For the past seven years, I've sported an ear that was indistinguishable from Thumbelina's vagina.
It felt vulgar and outrageous to have my genital-esque lobe on show, like having a tiny penis dangling from my chin or a bijou pair of chesticles heaving suggestively on the end of my nose.
In the absence of Lilliputian knickers or diminutive fig leaves, I'd wear my hair down, to conceal my pornographic lughole and avoid aural sex with Tom Thumb.
My horribly X-rated ear came about while sprucing myself for a night out. I made the rookie error of popping in earrings - which had the subtlety and restraint of The Phantom of the Opera's crashing chandelier - before aggressively combing the knots out of my newly-washed barnet.
After swiping my brush, I noticed a thick, scarlet line of blood streaking down the length of my hair - when I gingerly pulled it to one side, I realised the brush had torn my earring right through the flesh.
Because I'm an arse of the fleshiest kind, I didn't bother going to hospital for stitches and instead let it heal into a lewd shape. Nearly a decade went by and I never got around to fixing it, not even for my wedding, instead wearing clip-ons and cunningly having my hair styled to conceal it.
My sister recently bought me an immense pair of "mink penis" earrings, but it would have looked like a hideous bestial act if her cock bling penetrated my beaver-lobe. So I finally resolved to get it fixed, so that I could proudly wear earrings and bare my head-handles once more.
Intriguingly, one of the UK's fastest-growing cosmetic procedures is earlobe repair, as a result of earring tearing - like mine - or stretching from flesh tunnels. And it's eye-watering how much they can stretch - the record holder for the largest flesh tunnels belongs to Hawaiian chappie Kala Kaiwa, at more than 10cm in diameter, which is big enough for a fist.
I was impossibly chuffed to nab an appointment with cosmetic surgeon Adrian Richards, a clinical director at Aurora Clinics, who has pioneered an extraordinary technique to repair lobes.
My split lobe repair came to £450, while reconstructive surgery on a pair of stretched earlobes would set you back £1250 if they're under 20mm and £1,800 if they're over.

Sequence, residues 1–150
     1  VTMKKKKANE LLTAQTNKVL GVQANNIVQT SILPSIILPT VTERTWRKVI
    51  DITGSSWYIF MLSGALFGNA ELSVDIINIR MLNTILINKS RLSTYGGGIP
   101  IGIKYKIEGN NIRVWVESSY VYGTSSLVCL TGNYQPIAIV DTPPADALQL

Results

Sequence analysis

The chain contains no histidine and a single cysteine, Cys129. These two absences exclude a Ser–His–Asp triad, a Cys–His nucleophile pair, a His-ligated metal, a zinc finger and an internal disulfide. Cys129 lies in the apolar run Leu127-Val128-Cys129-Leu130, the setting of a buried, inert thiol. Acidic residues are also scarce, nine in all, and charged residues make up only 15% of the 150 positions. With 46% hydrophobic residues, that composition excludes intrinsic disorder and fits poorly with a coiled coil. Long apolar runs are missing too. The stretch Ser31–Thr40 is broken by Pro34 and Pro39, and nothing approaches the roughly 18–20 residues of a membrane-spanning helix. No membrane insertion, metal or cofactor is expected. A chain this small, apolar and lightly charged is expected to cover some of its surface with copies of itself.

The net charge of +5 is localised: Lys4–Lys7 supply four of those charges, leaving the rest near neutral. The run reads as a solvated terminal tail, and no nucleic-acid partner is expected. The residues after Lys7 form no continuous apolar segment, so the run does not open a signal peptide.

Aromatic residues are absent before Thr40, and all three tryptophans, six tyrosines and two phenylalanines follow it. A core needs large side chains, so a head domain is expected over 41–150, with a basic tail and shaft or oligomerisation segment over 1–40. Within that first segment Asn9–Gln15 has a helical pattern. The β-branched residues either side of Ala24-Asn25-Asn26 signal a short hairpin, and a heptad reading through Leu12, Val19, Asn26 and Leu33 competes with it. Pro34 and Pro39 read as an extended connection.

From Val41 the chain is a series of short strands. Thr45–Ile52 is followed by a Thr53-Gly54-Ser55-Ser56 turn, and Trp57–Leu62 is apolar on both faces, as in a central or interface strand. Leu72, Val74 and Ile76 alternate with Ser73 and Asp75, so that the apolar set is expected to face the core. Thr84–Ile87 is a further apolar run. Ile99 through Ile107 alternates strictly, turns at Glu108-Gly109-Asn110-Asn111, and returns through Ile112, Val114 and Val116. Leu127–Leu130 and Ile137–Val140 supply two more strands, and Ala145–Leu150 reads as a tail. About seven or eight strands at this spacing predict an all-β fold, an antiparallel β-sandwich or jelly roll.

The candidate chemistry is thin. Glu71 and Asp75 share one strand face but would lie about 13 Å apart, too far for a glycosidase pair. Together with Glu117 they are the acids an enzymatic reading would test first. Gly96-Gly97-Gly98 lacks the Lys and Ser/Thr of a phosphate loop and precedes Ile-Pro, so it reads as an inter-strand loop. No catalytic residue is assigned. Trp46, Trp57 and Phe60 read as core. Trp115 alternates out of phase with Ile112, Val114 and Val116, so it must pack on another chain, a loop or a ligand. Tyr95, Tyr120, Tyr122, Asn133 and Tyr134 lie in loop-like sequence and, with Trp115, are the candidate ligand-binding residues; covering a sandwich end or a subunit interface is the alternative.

It took less than half an hour under local anaesthetic. And they said I could choose any music that tickled my pickles, to blast across the operating theatre during the procedure. I was sorely tempted to request Benny Hill's theme tune, as a comedic accompaniment to Adrian and the nurses tottering around the room; or the piercing shower scene music from Psycho, when Adrian unleashed his knife, or perhaps a spot of Tubular Bells, for a more brooding and haunting surgical experience.
Since my ear was at the heart of the action, I had the curious experience of hearing - with alarming clarity - the knife carving my lobe into shape and could smell my burning flesh from the cauterisation and see the smoke rise up across my cheek.
Afterwards, they excitedly asked me shut my eyes as they led me to a mirror for the big reveal of my shiny, new ear. And words haven't been invented to describe how impressed I was.
Adrian and the nurse duo were all so perpetually jolly, they made Santa look like Sylvia Plath and now I understand why - it must be an extraordinary feeling to have a huge, positive effect on people, through such intensely personal and clever procedures.
One of their clients was a singer in a punk band, who was able to become a teacher after the Aurora chappies fixed his ears; another was a golf professional who was only allowed to join the PGA (Professional Golf Association) after they'd removed his flesh tunnels, and another avoided discharge from the army, thanks to their reconstructive surgery on his stretched lobes.
We all choose an image that we're comfortable with and use artificial means to create it, from scenting ourselves with perfume, to enhancing features with make-up; dying our hair; wearing control underwear; shaving; painting our nails or making ourselves taller with heels - these could all be regarded as costly, addictive, fake actions which reinforce narcissistic values. But curiously, these criticisms are generally only levelled at surgical procedures.
I find it extraordinary that the same liberal thinkers who regard tattoos and piercings as artistic forms of self-expression, are frequently disgusted by cosmetic or plastic surgery.
There is no argument fired at these procedures, which can't be directed back at the challenger, for their use of toiletries/cosmetics/clothing etc.
And as long as it doesn't get out-of-hand, leaving people looking like they've had a face-lift using a Dyson, plastic/cosmetic surgery (no matter how big or minor) can have a powerful effect on confidence, well-being and quality of life.
If you've got a strong constitution; don't mind watching tiny vaginas being sliced off and are partial to a spot of gore, you can watch Aurora's illuminating video of my earlobe surgery and the impressively speedy transformation here.